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Orlando Criminal Attorney > Florida White Collar Crime Lawyer

Florida White Collar Crime Lawyer

Some people think that white collar crimes are not serious, but that is not true. White collar crimes do not typically involve violence, but due to the fact that they are committed for financial gain, they are certainly not victimless crimes. Some of the most common examples of white collar crimes are securities fraud, embezzlement, money laundering, and insider trading. Being charged with any of these types of crimes is a very scary experience. Our Florida white collar crime lawyer explains the defenses available, and can give you the best chance of a positive outcome in your case.

Refuting the Arguments of the Prosecution

The federal prosecution will not usually take a case to trial unless they believe they have enough evidence to build a strong case against the defendant. However, this does not mean that every case the prosecution takes is ironclad. A Florida white collar crime lawyer will identify the errors or holes in the case of the prosecution to disprove the points of the prosecution. This often results in the charges being dismissed.

No Intent

The prosecution must prove two key elements of their case when they take a white collar case to trial. They must prove that a crime was committed, and that the defendant had the intention to commit the offense. In some cases, the person being charged made a simple mistake, and they may not have even benefited financially from that act. If the prosecution cannot prove these elements of the crime, the charges can be dismissed and the case can be thrown out of court.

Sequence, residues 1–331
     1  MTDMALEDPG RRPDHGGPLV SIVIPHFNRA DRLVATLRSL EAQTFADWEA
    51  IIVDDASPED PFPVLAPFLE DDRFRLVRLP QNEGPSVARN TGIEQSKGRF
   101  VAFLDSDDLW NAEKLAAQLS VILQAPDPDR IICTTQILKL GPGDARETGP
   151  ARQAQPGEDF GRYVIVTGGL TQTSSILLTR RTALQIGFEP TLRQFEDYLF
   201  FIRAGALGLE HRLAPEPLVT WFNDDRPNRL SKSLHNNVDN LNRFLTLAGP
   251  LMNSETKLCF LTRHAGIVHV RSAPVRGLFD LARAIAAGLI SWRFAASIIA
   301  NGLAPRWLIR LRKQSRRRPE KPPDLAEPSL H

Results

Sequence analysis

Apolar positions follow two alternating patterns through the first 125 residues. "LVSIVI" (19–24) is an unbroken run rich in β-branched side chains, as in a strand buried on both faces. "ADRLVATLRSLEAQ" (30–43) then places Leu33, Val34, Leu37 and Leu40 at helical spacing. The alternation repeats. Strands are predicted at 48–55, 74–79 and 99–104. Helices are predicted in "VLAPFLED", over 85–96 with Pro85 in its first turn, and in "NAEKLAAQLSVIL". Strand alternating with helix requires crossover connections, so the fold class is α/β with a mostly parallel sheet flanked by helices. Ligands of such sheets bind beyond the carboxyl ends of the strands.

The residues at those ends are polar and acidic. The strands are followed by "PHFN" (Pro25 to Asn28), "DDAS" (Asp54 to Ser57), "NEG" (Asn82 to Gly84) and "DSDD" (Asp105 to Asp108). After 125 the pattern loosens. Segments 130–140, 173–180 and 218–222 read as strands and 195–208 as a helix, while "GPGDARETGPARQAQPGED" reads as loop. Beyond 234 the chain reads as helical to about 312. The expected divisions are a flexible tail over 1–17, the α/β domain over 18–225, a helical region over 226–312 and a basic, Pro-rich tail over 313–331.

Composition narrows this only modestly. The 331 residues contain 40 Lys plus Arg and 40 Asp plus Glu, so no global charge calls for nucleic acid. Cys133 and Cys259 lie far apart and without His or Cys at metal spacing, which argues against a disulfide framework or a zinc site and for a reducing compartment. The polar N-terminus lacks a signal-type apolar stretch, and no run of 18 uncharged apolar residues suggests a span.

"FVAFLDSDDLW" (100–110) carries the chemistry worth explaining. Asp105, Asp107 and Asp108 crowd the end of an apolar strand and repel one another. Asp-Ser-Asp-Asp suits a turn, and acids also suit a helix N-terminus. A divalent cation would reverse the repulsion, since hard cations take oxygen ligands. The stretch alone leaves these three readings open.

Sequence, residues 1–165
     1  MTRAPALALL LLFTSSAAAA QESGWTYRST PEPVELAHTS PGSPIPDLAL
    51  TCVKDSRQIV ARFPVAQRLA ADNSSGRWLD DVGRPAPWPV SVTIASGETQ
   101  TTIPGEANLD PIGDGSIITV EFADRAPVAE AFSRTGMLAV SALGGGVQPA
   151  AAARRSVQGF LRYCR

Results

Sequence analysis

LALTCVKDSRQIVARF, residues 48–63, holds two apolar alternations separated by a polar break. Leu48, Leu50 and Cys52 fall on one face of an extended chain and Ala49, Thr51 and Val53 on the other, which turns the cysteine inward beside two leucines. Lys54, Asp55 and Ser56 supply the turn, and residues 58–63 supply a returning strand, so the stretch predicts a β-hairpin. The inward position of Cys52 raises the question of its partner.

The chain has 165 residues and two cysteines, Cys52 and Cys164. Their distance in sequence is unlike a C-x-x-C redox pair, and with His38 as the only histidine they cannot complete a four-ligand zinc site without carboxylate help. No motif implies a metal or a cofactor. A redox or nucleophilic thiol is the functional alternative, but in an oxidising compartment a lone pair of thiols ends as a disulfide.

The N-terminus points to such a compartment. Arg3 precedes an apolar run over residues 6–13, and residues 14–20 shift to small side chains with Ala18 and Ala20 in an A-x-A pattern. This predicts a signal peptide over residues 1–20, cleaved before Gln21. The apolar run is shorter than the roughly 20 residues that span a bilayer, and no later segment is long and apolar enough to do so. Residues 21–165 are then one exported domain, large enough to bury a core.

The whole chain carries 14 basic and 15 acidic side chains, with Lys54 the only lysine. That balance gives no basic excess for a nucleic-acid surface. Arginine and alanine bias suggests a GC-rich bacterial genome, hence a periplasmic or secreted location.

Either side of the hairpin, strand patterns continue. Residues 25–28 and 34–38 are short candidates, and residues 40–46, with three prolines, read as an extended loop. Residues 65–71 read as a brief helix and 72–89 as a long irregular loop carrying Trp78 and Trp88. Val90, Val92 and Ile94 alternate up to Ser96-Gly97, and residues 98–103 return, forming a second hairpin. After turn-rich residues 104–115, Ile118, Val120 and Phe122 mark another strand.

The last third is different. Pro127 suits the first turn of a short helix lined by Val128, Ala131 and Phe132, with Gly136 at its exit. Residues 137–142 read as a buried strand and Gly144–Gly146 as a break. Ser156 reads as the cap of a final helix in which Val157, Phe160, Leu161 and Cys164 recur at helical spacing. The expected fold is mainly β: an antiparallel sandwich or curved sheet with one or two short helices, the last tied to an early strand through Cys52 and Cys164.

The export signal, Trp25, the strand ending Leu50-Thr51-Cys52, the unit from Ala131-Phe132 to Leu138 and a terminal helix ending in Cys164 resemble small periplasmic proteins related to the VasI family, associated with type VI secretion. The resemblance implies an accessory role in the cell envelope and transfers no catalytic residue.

No Knowledge

In most cases, not having knowledge that a certain act is a crime is not a defense. For example, a person cannot say that they did not know a certain act was a crime and use that as a defense. Still, when multiple parties are accused of being involved in the act, and some parties were included in the plan but did not know the plan was to commit a crime, that can serve as a defense.


Coercion occurs when a person is forced to commit a crime, and it can provide a valid defense to a white collar crime. For example, a person may be pressured to commit a crime under the threat of their family being hurt if they do not. That is a case of coercion and could provide a defendant with a valid defense.


Entrapment is similar to the defense of coercion, but there are differences. When entrapment is used as a defense, it is a member of law enforcement that coerced someone into committing a crime. Entrapment can only be used when the defendant would not have otherwise committed the crime without the pressure of a law enforcement official.

Our White Collar Crime Lawyer in Florida Can Provide Your Defense

White collar crimes are just as serious as any other federal offense, and you need sound legal representation from a Florida white collar crime lawyer. At O’Mara Law Group, our skilled attorney can provide that strong defense to give you the best chance of beating the charges. Call us today at 407-634-6604 or contact us online to schedule a consultation.

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